The second half felt like Midnight Madness in Storrs. With 38 seconds left in the game, the chorus at MSG serenaded UConn's players with chants of "88, 88," and upon the final buzzer, Connecticut's players and coaches headed to center court to pose for a gaggle of photographers. Auriemma eventually hugged his wife, mother and brother through flashbulbs. He said he told his players before the game to think of the kids they played with in high school or AAU who would be watching on TV. His team has won its games this season by an average of 37.8 points.
"It would have been stupid of me not to remind them this week of what was out there for them," Auriemma said. "Today was an opportunity for them to do something that everyone will remember, and especially them."
The game had a huge press contingent for a women's basketball regular-season game, including
"I know there would not be this many people in this [press] room if we were chasing a women's record," Auriemma said after the game. "The reason why everyone is having a heart attack the last four or five days is a bunch of women are threatening to break a men's record, and everyone is up in arms about it. All the women are happy as hell and can't wait to come in and ask questions. All the men who love women's basketball are excited, and all the miserable bastards who follow men's basketball and don't want us to break the record are all here because they are pissed. So that's the way it is.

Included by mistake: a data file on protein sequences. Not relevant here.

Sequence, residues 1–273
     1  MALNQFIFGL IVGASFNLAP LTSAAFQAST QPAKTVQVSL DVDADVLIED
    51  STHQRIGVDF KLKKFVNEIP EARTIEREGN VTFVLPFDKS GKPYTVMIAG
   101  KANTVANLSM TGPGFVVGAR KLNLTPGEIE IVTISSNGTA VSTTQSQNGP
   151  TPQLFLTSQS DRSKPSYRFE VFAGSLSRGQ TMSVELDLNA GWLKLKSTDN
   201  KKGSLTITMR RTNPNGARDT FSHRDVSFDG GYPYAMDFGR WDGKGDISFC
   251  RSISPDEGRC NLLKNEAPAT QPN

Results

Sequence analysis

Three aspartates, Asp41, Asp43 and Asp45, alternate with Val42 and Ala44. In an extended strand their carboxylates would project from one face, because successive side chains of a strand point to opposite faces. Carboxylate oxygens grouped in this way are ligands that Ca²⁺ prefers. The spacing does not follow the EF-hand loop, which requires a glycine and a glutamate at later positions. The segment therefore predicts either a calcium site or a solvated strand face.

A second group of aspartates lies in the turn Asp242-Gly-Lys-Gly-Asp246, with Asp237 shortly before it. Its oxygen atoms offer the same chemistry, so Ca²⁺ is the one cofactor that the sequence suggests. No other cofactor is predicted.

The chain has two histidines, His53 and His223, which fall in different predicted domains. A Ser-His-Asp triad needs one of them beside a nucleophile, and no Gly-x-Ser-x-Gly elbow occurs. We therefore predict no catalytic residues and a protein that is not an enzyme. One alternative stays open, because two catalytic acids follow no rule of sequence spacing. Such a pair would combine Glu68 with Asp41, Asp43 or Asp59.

"If we were breaking a women's record, everybody would go: 'Aren't those girls nice.' Just give them two paragraphs in USA Today or give them one line on the bottom of ESPN, and let's send them back where they belong in the kitchen." But because we are breaking a men's record, we have a lot of people paying attention."
While plenty in the women's basketball community wanted ESPN to move Sunday's game from ESPNU to ESPN2 -- which offered an NHRA "Thrills & Spills" special and a taped World Series of Poker marathon -- the network stayed with its scheduled programming. ESPN did move Tuesday's game from ESPNU to ESPN2, and the network will show a one-hour pregame show prior to the streak-breaking game, something that rarely happens in women's basketball outside of the Final Four. ESPNU will also conduct five consecutive hours of UConn programming leading up to the ESPN2 pregame special Tuesday. Much of that programming will focus on the ethereal Moore, who was born 25 years after the UCLA streak ended. She was asked after the game the impossible question of how she views her team to the UCLA's men teams.
"Both teams I think share that level of competitiveness and an expectation level that is above everyone else's," said Moore, who is averaging 24 points and 7.3 rebounds this season. "The way they showed that was going out and competing and winning every night.
"This program is full of special people who are invested and put so much time and passion into the game. We would like people to remember how much we respect and love the game -- and I think people see that when we play."